This three part special feature will take you on a journey inside the LCBO’s Vintages section. We will look at what exactly is in Vintages, who works there and how to navigate it easily. The Vintages section is probably one of the most exciting and literally to some, terrifying, aspects of the LCBO experience. We will prove that Vintages is a great area of the store to shop for bottles under $20.00 which will impress the heck out of your friends. We will explain what to look for and some secrets to making Vintages work for you.
While this feature is tailored to our Ontario audience, anyone will enjoy the experience and might learn a tip or trick for their own store wherever you might be.
Demystifying Vintages – Part I
So austere, so formal, so mysterious.
The automatic doors slide open as you approach the store with a sturdy mechanical whoosh. You press on confidently marching towards old faithful. That bottle of wine with a playful name you can never remember, something about a penguin or duck, always pleases but never wows. Always in stock, and at least fifty bottles are lined up neatly on the shelf waiting for you. You were probably first introduced to it one night your friends were over for dinner and someone proudly burst in to the kitchen announcing "the wine has arrived" with bottle in tow. Since then you’ve memorized the location of that bottle at your local liquor store, moving past row after of row of beige steel shelving. Like a carefully choreographed ballet you grab the non-descript red or white by the neck, turn on your heel toward the cashier. Air miles card and a twenty dollar bill in hand of course. But each time you turn toward the cash you catch a glimpse of a cave like area at the back of the store, big letters staring down at you from overhead…VINTAGES.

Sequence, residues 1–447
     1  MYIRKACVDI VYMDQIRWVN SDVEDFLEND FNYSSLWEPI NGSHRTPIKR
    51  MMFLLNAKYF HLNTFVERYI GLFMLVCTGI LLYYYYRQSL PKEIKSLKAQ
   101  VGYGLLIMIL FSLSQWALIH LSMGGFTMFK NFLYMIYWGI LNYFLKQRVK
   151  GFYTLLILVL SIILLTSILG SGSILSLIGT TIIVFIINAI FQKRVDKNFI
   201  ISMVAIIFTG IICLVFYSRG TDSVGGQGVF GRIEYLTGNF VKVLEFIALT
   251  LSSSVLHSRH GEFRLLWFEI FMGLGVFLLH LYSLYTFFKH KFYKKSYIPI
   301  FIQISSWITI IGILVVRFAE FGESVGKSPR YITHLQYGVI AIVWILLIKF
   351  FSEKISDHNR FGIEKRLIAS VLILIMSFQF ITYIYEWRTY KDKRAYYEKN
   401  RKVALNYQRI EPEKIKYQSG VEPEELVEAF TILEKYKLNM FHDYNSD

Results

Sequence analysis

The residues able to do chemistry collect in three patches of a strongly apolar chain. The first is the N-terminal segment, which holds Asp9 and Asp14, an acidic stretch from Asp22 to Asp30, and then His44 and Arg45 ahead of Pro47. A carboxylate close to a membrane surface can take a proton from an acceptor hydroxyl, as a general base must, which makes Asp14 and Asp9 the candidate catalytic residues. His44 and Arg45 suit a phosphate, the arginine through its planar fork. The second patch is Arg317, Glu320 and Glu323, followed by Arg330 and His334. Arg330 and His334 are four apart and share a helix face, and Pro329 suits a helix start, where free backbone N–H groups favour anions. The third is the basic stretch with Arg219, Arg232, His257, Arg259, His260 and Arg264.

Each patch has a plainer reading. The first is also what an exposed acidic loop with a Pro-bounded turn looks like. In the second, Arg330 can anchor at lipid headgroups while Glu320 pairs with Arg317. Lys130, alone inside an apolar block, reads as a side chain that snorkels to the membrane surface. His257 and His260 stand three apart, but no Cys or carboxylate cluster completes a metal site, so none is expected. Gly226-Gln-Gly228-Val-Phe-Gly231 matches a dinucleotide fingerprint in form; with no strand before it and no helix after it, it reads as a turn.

Almost museum like, with dark stained wood, soft lighting, and carefully designed shelves presenting the labels at optimal angles. Wine bottles meticulously arranged in groups by country. The floor dotted with wicker baskets overflowing with bottles of Chateau Pont Allerieux du Whatever, and other names you dare not pronounce for fear of showing your lack of wine knowledge or because you’ve already forgotten basic French from elementary school.